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General election 2017: No ‘specific’ May pledge on taxes

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Theresa May and Andrew Marr

Theresa May says she will not be making “specific proposals” on taxes unless she is “absolutely sure” they can be delivered.

The PM was asked about the 2015 Tory pledge that certain taxes would never be raised, but declined to repeat it.

She added that her intention was to cut taxes for working families.

Speaking on the BBC’s Andrew Marr show, she also rejected claims she was “in a different galaxy” to the rest of the EU on Brexit negotiations.

Asked whether she would be repeating ex-PM David Cameron’s “five-year tax lock”, covering income tax, National Insurance and VAT until 2020, Mrs May said: “We have absolutely no plans to increase the level of tax.

“But I’m also very clear that I do not want to make specific proposals on taxes unless I am absolutely sure that I can deliver on those.”

Speaking later on the Peston on Sunday show, she ruled out a VAT rise, saying “we won’t be increasing VAT”.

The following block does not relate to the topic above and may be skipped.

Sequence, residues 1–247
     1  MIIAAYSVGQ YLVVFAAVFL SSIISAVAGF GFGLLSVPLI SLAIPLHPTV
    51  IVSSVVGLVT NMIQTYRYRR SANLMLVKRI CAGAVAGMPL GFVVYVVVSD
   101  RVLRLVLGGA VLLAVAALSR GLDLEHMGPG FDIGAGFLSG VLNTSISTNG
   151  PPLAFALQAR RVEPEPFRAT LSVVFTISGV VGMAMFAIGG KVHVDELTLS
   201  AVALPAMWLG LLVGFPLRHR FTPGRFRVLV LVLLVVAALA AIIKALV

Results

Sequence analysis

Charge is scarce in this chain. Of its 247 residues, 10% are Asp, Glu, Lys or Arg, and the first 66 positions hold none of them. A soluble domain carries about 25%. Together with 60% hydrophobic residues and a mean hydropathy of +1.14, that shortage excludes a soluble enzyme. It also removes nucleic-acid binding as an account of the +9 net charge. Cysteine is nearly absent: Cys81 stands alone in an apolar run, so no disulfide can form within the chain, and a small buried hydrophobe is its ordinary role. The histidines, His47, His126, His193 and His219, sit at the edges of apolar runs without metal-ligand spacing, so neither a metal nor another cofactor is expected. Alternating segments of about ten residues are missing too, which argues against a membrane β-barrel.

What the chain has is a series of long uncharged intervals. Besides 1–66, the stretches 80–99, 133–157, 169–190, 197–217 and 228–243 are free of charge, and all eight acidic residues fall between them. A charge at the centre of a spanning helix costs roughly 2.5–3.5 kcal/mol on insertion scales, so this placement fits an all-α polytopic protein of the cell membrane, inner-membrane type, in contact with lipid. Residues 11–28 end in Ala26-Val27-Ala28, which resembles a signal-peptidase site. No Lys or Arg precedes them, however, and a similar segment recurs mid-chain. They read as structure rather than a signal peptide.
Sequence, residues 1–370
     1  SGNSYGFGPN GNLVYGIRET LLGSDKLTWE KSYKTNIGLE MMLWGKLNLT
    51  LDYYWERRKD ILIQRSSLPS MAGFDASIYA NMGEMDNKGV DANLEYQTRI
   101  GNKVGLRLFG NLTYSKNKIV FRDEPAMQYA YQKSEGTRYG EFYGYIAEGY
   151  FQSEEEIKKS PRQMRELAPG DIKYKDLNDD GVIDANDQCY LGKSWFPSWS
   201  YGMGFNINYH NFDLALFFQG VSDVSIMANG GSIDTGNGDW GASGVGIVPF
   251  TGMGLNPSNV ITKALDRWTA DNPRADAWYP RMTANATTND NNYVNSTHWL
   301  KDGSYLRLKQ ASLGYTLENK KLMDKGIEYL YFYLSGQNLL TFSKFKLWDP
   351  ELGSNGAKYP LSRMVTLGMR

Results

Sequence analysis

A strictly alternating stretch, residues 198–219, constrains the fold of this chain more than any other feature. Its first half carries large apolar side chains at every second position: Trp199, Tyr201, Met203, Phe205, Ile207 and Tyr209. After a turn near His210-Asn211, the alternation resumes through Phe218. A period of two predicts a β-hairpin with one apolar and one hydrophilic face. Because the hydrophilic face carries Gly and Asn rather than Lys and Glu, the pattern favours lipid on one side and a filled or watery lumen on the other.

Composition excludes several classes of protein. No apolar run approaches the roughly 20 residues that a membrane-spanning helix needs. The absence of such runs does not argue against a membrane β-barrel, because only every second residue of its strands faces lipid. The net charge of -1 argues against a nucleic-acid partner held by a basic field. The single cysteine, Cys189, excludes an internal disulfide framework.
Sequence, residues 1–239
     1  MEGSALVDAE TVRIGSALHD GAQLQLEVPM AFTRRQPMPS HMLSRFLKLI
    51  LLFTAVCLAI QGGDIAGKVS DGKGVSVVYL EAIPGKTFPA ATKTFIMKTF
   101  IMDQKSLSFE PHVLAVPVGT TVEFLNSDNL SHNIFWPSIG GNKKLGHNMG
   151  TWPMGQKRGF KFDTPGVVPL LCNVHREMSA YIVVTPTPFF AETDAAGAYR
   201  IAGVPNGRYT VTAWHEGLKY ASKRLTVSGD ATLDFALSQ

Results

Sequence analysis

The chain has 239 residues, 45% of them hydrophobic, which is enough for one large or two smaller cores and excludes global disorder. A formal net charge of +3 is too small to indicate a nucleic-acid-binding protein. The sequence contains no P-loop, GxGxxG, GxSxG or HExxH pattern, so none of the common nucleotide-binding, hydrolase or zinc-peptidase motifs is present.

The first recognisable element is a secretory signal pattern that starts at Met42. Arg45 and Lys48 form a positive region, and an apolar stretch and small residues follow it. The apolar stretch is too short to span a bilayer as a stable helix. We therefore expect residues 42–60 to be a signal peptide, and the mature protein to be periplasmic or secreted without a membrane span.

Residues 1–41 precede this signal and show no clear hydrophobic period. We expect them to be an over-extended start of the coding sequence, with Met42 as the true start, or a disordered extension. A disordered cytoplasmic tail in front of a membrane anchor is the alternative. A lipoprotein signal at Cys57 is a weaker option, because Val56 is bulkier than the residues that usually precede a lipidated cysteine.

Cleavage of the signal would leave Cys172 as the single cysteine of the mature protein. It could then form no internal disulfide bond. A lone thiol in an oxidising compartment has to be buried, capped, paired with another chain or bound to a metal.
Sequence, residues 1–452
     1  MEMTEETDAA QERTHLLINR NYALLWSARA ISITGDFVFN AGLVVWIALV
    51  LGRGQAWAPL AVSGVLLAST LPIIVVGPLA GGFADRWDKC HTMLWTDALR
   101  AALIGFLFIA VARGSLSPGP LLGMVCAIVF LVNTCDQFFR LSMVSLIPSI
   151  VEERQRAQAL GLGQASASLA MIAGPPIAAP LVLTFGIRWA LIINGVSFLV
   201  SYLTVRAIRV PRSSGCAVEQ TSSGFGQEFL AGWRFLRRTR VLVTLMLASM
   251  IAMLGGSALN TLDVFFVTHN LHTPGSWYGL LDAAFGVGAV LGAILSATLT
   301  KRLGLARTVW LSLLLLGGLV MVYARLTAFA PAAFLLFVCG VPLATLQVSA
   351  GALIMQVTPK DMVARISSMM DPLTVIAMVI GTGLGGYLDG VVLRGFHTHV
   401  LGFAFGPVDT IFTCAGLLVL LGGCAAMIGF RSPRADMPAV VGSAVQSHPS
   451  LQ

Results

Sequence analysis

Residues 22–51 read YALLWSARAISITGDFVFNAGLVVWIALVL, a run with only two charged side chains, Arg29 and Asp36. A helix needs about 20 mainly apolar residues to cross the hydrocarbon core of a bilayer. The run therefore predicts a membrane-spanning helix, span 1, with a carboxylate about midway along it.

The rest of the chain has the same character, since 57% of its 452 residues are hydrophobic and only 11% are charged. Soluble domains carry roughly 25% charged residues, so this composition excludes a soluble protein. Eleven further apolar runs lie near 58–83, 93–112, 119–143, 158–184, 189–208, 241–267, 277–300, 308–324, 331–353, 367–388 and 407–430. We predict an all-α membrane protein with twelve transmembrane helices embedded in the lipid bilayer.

On the Marr show, the PM suggested the “triple lock” protecting the state pension could be changed, saying state pensions would continue to rise, with the exact method of calculations that is calculated to be revealed in the Tories’ manifesto.

The triple lock ensures the state pension increases in line with wages, inflation or by 2.5% – whichever is highest.

And after the 27 EU leaders agreed their Brexit negotiations, the PM said there was “good will” on both sides about settling the issue of EU nationals living in the UK, and Britons elsewhere in Europe.

She said recent comments by EU figures showed that talks could be hard, and stressed her determination to reach agreement on a trade deal at the same time as settling the terms of the UK’s exit.

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